“In terms of investment and development, the credit crunch may even be a good thing for the industry. Large developments that have not been committed to yet could be postponed and result in less new supply coming on to the market in 2009. This will help keep rates up.”

CITY FORECASTS

London’s hotels saw records broken in 2007 but in 2008 PricewaterhouseCoopers LLP forecasts room rate and RevPAR growth to be almost half that achieved in 2007. So London will still see growth but not at the same pace as seen recently. Nevertheless, occupancy levels are expected to remain high at around 81%, but will see little growth over the next few years. Average room rates are still anticipated to increase, rising to £127.02 in 2008, and £133.68 in 2009. RevPAR may pass £100 for the first time in 2008, increasing 6% to £103.43 and by 4.4% to £107.97 in 2009.

Edinburgh is one of the busiest UK tourist, conference and business cities after London. The city employs around 200,000 in the financial services sector but tourism chiefs believe tourism will continue to grow and the city will need an estimated 4,000 hotel rooms by 2015 to cope with expected growth. The city will see RevPAR growth of 4.6% in 2008, easing to 4.4 % in 2009. Occupancies look likely to remain high at around 78 per cent over the forecast period and room rates could top £90 by 2009.

Manchester is now a favourite with visitors and has attracted many major events in recent years with 2008 expected to be the busiest year for sporting events since the Commonwealth Games. PricewaterhouseCoopers LLP expects slower RevPAR growth in 2008 as supply additions impact further, giving RevPAR growth of around 3.2 % with a further 3.7% gain in 2009. Occupancy levels will remain flat for the next two years but room rates should grow by around 3% each year. Hoteliers interviewed commented that it is the older, ‘tired’ room stock that is being impacted more adversely by new supply than the new fresher hotels and brands.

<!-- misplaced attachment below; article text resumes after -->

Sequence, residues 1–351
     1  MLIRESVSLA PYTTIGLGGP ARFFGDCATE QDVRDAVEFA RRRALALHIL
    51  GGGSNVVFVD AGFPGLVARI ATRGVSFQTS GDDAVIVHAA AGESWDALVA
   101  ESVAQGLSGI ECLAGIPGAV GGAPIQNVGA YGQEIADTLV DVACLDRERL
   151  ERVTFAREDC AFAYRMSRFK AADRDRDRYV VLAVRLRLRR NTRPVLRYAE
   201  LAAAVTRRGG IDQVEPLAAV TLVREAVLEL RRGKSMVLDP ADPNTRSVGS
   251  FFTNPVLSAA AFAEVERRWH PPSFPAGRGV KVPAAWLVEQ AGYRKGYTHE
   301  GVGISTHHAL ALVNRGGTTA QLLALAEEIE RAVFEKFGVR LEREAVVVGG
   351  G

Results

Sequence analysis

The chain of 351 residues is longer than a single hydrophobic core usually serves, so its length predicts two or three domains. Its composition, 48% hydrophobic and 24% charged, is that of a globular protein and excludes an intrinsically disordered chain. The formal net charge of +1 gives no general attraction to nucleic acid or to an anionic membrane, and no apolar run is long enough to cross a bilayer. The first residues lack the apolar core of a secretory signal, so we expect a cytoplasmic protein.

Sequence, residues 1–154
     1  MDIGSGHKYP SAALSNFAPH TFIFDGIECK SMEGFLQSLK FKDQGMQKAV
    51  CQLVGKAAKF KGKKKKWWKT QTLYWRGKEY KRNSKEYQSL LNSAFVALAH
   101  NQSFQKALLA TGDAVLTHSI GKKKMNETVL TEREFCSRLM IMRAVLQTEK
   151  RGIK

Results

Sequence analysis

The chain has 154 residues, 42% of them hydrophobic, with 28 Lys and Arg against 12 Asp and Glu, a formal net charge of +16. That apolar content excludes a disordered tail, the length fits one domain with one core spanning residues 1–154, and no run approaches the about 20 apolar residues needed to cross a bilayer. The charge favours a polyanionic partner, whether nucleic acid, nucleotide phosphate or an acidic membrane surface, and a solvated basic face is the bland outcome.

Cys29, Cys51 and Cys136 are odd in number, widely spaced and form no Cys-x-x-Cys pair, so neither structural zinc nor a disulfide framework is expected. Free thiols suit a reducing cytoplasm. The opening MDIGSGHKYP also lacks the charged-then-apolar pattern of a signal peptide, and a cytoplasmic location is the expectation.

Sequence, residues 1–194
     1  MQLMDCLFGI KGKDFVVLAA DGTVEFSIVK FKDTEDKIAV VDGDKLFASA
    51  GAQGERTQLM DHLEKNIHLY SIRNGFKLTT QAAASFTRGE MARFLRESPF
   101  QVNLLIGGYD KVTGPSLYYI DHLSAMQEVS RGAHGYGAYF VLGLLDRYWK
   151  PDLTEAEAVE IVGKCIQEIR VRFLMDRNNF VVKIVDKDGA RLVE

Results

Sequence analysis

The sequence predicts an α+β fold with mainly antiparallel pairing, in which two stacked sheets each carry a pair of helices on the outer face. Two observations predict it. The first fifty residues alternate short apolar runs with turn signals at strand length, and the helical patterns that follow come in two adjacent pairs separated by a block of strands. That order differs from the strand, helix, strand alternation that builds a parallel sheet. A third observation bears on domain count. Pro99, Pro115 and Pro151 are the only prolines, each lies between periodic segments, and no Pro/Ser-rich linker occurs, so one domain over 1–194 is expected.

Birmingham is expected to benefit from a cyclical upswing in conferences and exhibitions this year with some small increase in demand and room rate gains of 2.9% this year followed by 3.1% in 2009. Overall, RevPAR is expected to grow by a healthy 4.4% in 2008 and 4.1% in 2009. Hoteliers interviewed as a part of the research revealed strong revenue growth towards the end of 2007 but many expected a solid, if unexciting, year in 2008.

PROVINCES FORECAST

The provinces have not experienced London’s roller coaster ride of recent years and room rate growth has been more modest. Research among hoteliers has shown a patchy performance in January 2008 as demand slows with mixed, but generally optimistic, views regarding the year ahead. There have been considerable supply additions throughout the cities. RevPAR is expected to grow by 3.2% in both 2008 and 2009. Occupancies are likely to average around 72%. In a carbon footprint aware world urban hotels close to public transport and with a good range of commercial and conference, as well as leisure, demand could be at an advantage.